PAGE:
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A frightening but fascinating method of discipline is called the wet-pack. As many as 30 wet cotton sheets are individually wrapped about the limbs and body, as tightly as possible, so that only the breathing tube from an inflatable gag remains exposed. The sheets are then compacted and bound paralyzingly tight using several layers of bandages.

To prepare for a session, start by soaking about 30 sheets in warm water to help ensure that all air is excluded from the pack. Air acts as an insulator and tends to diminish the effectiveness of the pack. If a roller or other method to squeeze out air bubbles is available, so much the better.

Provide the patient with a breathing tube, OR insert a gag, seal mouth with waterproof tape, and insert nostril tubes. If an extended session is planned, consider inserting a urethral catheter, and maybe even setting up intravenous saline and nutrient drips.

Carefully wrap the wet sheets, as tightly and smoothly as possible, around each limb. Bandaging the thickest part of the limb first tends to force the flesh to the thinner parts and make the limb a more uniform thickness and therefore easier to pack. After each sheet, use cloth tapes to tightly tie the sheet in place, then use 6" cotton bandages to bind it even more tightly.

In the case of a male patient, fold the penis back toward the buttocks and hold it in position with pack sheets applied like a diaper. Hold the sheets in place with a tightly strapped canvas waist belt and attached crotch strap designed to prevent erection.

Before wrapping the torso, you may want to apply a corset to compress the waist for control of respiration. Put pads over the eyes to minimize any cavities. Then wrap the torso, crotch, neck, and head.

Place sheets between the legs to fill any gaps. Securely wrap additional sheets around the legs and the trunk and fasten them in place again with bandages. At this stage stronger bandages should be used, made out of cotton sheeting. It is no longer necessary to bandage after every sheet.

Put each arm into a splint. Each splint has a mitt for the hand. Tightly lace each arm splint from wrist to armpit. Strap the arms securely to the side of the body using the special canvas straps built into the side of the body-splint, passing the straps through the loops in the arm splints.

If additional rigidity is desired, splint the legs and body. The splint is a canvas corset-like device, with metal rust-free stays, that laces up the back and extends from ankles to beneath armpits with adjustable shoulder straps, Lace up the splint as tightly as possible, using heavy-duty buttonhook-like devices and temporary straps. Once properly applied the patient is held in absolute rigidity. The splint should be anchored by a strap across the soles of the feet.

Finally, use extra-large sheets to wrap the entire body, from the crown of the head to the tips of the toes, as a single unit. As with any other wrapping operation, pass each sheet at least 3 complete times around the patient (or limb) to ensure that it cannot be unwrapped by the patient. After the last sheets are added then again bandage the patient from head to toe. Treatment can now begin.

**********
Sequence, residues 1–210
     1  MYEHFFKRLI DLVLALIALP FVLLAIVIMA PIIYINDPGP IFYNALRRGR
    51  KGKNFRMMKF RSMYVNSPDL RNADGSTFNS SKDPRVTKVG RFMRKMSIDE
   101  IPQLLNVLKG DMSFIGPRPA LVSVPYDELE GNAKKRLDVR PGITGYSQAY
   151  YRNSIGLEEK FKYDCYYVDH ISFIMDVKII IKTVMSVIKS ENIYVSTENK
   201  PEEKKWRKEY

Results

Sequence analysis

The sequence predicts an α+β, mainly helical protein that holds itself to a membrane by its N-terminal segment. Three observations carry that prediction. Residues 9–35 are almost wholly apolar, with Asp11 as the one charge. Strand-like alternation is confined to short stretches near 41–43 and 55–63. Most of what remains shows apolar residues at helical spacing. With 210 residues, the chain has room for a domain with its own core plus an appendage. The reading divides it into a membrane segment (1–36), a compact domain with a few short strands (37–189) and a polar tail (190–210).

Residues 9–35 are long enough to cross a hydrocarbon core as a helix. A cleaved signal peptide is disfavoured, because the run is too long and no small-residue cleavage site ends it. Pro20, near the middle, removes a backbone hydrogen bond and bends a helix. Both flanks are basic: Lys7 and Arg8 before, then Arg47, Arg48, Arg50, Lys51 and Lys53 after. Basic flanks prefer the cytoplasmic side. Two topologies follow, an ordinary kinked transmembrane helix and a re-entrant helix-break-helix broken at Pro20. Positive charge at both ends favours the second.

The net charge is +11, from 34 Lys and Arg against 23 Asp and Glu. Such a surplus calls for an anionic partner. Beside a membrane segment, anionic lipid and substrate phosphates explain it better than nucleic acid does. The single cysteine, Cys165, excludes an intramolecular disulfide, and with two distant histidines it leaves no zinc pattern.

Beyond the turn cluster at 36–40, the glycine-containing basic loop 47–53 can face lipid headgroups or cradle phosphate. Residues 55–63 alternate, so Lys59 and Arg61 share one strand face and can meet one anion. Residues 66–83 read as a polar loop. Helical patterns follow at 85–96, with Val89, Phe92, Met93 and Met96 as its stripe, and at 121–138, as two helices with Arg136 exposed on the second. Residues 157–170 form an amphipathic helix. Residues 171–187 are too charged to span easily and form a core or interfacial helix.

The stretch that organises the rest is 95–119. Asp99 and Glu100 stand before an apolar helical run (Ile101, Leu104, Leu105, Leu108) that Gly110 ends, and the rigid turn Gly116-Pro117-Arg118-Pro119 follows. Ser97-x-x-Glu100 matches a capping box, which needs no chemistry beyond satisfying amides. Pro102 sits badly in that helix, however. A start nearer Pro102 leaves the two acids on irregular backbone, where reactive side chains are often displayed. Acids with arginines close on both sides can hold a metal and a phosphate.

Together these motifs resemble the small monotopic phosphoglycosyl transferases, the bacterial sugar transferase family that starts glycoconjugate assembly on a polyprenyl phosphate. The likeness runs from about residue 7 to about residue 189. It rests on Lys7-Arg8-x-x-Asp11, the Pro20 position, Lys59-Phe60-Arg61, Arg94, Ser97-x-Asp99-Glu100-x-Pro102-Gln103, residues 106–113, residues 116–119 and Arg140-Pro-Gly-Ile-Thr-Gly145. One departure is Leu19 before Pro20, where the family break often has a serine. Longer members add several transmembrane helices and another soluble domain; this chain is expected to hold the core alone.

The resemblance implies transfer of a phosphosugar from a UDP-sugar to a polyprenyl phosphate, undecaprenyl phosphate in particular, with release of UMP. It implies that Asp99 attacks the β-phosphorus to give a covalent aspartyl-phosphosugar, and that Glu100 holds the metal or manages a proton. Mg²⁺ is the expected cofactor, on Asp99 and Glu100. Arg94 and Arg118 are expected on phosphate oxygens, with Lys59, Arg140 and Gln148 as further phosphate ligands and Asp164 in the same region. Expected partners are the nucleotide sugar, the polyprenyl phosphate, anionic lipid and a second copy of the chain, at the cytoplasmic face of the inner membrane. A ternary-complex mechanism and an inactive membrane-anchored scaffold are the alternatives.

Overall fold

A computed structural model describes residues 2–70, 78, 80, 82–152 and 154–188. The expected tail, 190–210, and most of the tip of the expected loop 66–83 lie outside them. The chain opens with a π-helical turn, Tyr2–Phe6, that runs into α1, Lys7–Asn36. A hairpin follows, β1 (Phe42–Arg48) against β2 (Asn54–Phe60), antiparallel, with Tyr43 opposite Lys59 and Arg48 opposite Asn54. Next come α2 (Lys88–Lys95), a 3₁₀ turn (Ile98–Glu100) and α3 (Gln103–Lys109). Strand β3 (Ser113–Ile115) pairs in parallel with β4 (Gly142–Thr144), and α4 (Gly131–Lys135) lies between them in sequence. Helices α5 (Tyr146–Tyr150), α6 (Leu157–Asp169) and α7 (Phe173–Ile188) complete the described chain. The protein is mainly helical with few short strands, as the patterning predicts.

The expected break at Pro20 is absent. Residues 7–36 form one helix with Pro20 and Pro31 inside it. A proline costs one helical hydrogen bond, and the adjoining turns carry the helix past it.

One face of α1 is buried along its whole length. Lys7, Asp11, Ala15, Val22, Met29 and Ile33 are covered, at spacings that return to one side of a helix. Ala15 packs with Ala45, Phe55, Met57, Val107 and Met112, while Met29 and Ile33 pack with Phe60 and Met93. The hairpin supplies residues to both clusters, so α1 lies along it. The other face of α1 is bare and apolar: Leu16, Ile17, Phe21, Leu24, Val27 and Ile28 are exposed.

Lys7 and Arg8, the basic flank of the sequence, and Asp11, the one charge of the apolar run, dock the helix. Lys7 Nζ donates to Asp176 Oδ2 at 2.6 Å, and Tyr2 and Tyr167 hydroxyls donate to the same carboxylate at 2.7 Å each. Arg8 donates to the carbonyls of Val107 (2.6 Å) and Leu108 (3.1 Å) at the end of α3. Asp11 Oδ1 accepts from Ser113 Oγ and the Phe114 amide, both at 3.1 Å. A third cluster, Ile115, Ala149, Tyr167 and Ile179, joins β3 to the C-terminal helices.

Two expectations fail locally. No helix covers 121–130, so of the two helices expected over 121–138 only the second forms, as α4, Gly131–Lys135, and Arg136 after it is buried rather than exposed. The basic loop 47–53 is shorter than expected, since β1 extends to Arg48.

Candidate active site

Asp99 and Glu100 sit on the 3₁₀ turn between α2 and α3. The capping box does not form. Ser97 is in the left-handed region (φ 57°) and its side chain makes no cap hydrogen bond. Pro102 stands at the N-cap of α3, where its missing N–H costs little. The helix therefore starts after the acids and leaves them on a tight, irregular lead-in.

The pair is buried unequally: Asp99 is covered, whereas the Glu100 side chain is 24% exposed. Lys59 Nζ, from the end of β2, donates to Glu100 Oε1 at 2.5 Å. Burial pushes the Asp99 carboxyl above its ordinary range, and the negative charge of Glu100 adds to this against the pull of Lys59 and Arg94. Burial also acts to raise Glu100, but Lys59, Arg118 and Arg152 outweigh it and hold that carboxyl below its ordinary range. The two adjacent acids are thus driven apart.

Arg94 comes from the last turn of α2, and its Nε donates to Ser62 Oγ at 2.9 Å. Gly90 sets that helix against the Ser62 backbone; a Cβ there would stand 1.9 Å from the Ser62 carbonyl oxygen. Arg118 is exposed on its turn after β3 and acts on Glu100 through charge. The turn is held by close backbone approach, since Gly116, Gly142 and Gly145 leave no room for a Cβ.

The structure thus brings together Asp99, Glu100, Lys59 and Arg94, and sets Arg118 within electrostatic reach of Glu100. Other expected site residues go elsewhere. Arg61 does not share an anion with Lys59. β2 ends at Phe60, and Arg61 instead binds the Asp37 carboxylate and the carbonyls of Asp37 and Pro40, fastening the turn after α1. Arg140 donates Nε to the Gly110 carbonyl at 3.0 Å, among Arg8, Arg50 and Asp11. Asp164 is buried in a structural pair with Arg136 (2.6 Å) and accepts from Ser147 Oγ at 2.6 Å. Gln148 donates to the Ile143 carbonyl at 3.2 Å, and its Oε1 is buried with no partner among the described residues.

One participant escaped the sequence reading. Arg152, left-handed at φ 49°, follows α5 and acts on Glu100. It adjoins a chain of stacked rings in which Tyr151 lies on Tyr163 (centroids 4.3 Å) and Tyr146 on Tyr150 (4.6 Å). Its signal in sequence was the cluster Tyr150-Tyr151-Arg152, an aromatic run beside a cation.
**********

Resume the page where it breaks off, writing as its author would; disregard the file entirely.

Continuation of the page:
After wrapping the patient as described above, it is quite impossible for the patient to move - not even to blink or twitch a toe. Often panic has already set in, but the worst is yet to come. Since the patient is now rigid, he or she can be picked up in a mechanical hoist and gradually lowered into a large tank containing ice water. You cannot imagine the shock or agony as this ice-cold water seeps through the bindings and numbs the skin.

As the freezing water gradually passes through the pack you may hear the patient desperately trying to inhale more air through the breathing tubes as the cold water causes the oxygen requirement to shoot up. The patient will try to inhale all the air that he can as his metabolism increases to combat the cold. For more intense sessions, the "nurse" or "doctor" may request that the air supply be reduced at such times.
When the patient has been sufficiently soaked, he is hoisted out of the tank. The muscle contractions due to struggling can reduce the cold but this soon results in unbearable heat.

After the initial immersion cycles the patient is left to soak in the tank and the auto-immersion cycle is started. This is essentially a timer that causes the patient to be hoisted out of the tank and reimmersed automatically. The timer has a random setting so that the patient cannot anticipate the next hoisting or reimmersion. The period between immersions may be long enough for the patient to become uncomfortably hot, but maybe not.

In this way the patient is left without any contact with the outside world for as much as a week at a time. The hell endured by such a patient is unimaginable. Itching, cramps and fear of re-immersion are the only companions. The patient has been transformed into an absolutely helpless and rigid mummy, without even the slightest hope of escape. Even the fingers, toes, jaw and eyelids are immobilized. The patient is usually reduced to a state of blind panic, but is not be able to communicate that panic to anyone or get any form of comfort. The patient is alone!

The patient has no idea when he or she will be released or how much time has passed. "Life" becomes a living hell of alternating heat, cold, re-immersion, fear of drowning, claustrophobia, suffocation, cramps and unimaginable boredom. Nothing to do but lie there, nothing to hear, smell, control or feel except the cold. The patient is being crushed and needs to move to relieve the screaming cramps in the limbs and body. The patient cannot possibly lie still any longer - but will!


  Read MrSprayCan's Story based on this description Judith's Wetpack  
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